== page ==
By Amina Abdul Salam
Smoking has huge hazards not only for the smoker but also for all people around him, causing several health problems which increase for children. Dr Alaa el-Messalami, Consultant in Paediatrics and Neonatology, says that passive smoking has a bad impact on a child's growth. In addition, passive smoking has an indirect effect on a child's hearing.
It can lead to an infection of the sinuses and inflammation in the ear as a result of the blockage of the Eustachian tube. This is due to the accumulation of secretions inside it.
Dr el-Messalami pointed out that smoking by a pregnant woman leads to delaying the growth of the foetus due to little blood reaching it through the placenta and may lead to congenital malformations, especially if she was smoking during the first trimester of pregnancy.
Furthermore, smoking may lead to abortion in some cases. He said that the child also gets an allergy which has several symptoms, such as persistent coughing, shortness of breath and difficulty in feeding. And it is necessary to visit the doctor immediately upon noticing any of these symptoms.
Dr el-Messalami recommends that children should not be indoors where smokers are present or sitting next to a smoker in the family.
He added that in the event of a child being afflicted with an allergy, the treatment varies according to the age of the child. The treatment will be with cortisone, steam or bronchodilators.
The child should be kept away from factors that cause allergic irritation, such as insecticide sprays, incense and fur.
PARIS, July 4, 2018 (News Wires) - With sultry tuxedos and a gown that appeared to waft down the catwalk like cigarette smoke, French designer Jean Paul Gaultier celebrated smoking in all its forms on Wednesday in a fashion show filled with tongue-in-cheek digs at overly rigid attitudes.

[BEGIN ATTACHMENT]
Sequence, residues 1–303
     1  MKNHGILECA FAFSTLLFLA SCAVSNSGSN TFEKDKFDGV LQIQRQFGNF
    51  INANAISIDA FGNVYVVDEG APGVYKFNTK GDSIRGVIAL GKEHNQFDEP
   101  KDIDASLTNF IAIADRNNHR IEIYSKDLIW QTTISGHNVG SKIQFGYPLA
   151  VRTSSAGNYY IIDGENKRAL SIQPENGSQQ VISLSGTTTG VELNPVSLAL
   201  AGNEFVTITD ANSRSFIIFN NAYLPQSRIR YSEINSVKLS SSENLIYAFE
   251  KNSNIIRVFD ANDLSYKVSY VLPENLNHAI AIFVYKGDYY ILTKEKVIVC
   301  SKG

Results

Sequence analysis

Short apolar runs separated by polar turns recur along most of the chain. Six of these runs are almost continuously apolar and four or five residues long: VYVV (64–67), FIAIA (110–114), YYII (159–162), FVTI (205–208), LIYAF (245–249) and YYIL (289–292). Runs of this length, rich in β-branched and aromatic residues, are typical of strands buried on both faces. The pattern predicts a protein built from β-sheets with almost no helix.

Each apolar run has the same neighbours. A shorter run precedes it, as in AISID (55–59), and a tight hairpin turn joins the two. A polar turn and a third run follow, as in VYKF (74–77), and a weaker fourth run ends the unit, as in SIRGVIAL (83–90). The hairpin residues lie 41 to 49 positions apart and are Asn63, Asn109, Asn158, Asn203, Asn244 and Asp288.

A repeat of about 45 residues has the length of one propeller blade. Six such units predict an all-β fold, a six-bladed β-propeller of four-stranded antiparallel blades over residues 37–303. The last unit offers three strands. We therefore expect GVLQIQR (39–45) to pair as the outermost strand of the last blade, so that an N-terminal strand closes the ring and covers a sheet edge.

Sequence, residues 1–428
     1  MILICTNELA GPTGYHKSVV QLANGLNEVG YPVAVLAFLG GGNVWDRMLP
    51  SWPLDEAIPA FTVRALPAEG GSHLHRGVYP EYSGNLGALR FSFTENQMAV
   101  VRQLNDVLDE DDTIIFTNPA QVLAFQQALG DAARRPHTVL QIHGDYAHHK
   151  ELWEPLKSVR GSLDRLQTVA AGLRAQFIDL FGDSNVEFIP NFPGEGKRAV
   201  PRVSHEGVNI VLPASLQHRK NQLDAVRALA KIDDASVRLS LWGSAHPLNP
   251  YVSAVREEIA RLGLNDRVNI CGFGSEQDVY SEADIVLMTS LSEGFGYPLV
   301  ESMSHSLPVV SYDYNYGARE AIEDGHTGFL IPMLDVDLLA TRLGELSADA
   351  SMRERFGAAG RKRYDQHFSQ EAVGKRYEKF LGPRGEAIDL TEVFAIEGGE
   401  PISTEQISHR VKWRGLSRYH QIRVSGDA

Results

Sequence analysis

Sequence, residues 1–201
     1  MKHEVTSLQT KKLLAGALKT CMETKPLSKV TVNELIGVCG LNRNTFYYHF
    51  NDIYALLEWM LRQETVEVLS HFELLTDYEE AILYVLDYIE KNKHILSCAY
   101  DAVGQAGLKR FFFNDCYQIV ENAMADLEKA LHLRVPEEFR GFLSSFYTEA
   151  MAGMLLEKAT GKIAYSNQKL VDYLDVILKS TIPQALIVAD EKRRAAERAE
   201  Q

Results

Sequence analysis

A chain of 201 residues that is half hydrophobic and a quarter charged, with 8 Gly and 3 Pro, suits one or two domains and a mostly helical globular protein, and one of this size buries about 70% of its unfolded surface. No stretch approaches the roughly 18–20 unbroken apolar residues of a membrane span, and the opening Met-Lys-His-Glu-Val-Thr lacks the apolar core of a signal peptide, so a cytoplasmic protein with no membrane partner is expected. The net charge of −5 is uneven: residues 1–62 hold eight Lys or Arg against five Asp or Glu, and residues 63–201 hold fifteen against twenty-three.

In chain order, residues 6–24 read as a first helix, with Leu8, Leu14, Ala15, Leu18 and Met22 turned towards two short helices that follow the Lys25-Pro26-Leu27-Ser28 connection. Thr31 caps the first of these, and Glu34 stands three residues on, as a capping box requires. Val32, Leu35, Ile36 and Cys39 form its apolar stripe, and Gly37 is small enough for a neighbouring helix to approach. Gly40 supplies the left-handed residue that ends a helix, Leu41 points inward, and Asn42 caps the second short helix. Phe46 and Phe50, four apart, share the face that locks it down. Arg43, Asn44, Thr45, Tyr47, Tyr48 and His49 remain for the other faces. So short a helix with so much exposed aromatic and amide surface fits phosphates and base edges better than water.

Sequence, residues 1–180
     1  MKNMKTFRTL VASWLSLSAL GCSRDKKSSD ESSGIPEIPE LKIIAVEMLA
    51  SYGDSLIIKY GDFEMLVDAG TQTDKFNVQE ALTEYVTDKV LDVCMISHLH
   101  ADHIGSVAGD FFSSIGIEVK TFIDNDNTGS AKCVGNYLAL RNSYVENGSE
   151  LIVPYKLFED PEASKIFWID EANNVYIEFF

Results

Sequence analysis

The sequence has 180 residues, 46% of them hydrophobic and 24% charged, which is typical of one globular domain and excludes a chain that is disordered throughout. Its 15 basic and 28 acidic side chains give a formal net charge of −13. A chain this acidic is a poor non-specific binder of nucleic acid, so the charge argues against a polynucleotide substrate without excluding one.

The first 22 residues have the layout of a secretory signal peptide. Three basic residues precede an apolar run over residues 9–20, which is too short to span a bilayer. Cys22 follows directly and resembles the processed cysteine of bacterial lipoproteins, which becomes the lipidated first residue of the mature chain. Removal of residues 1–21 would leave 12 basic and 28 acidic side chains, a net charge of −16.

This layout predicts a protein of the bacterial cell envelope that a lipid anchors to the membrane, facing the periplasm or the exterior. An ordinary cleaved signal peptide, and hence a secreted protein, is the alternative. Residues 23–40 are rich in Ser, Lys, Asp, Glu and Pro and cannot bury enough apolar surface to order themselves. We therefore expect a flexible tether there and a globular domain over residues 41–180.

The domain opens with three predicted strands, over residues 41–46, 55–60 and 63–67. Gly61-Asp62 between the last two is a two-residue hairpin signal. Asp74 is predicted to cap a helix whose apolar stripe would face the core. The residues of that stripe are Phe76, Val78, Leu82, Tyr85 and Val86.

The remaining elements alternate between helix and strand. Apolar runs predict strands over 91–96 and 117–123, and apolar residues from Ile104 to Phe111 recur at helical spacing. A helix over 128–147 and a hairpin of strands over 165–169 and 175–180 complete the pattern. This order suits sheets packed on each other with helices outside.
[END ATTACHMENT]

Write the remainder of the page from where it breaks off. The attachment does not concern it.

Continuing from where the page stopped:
Reinterpretations of “Le Smoking” - or tuxedos for women popularized by late French couturier Yves Saint Laurent in the 1960s - dominated the Haute Couture collection, with black and white combinations of jackets and ruffled dresses for instance.
The designer took smoke as his inspiration for a see-through dress decked out in swirling embellishments, or a wedding gown with a featherlight, waspy train that looked like it could vanish into thin air as it twirled on the runway.
Gaultier, the self-style “enfant terrible” of the fashion world, was also deliberately harking back to a period when smoking was more widely acceptable.
“I don’t smoke, but I was always surrounded by people that were smoking,” Gaultier said after the show in Paris.
“I don’t say ‘don’t smoke or smoke’, it’s only that people should do what they want.”
Smoking was banned in public places in France in 2006, echoing clampdowns in many other countries by authorities for health reasons.
By Amina Abdul Salam
CAIRO, April 8, 2018 - The Association Against Smoking, Tuberculosis and Lung Diseases, Egypt, Headed by Dr Essam Moghazi, Consultant in Chest Diseases, marked World Tuberculosis Day at the sports grounds in Al Azmarat district, Mokattam, in collaboration with the World Health Organisation.
The event aimed at raising public awareness of the importance of fighting this disease through presenting information about tuberculosis, highlighting the current situation in Egypt and providing information on the causes of this disease, its symptoms and ways to avoid it.
The event coincided with World Tuberculosis Day on March 24.
Although much has been achieved in conquering this disease since the German scientist Robert Koch discovered its cause in 1882 as well as the progress made on its treatment in the last two decades, tuberculosis (TB)still comes on top of the list of fatal and infectious illnesses worldwide. It kills 4,500 people daily, according to the World Health Organisation. The event was attended by hundreds of people from the Asmarat district, including a large number of children and executives. The female entertainer Darren Farghali, and soccer player Tamer Bagato also attended. The event began with a marathon in which all attendees participated. Dr Alaa Hashish of the World Health Organisation bureau in Egypt, then spoke on means of fighting tuberculosis and the hepatitis C virus.
Tuberculosis patients can receive treatment at the Hospital for Chest Diseases free of charge, according to Dr Hashish. According to Dr Wagdi Abdel Moneim, Director General of the Chest Diseases Department, the Ministry of Health was applying a plan to overcome tuberculosis in Egypt by 2030. There are 15 cases in every 100 thousand people according to the reports of the World Health Organisation (WHO), and the Ministry provides TB patients with medicines free of charge.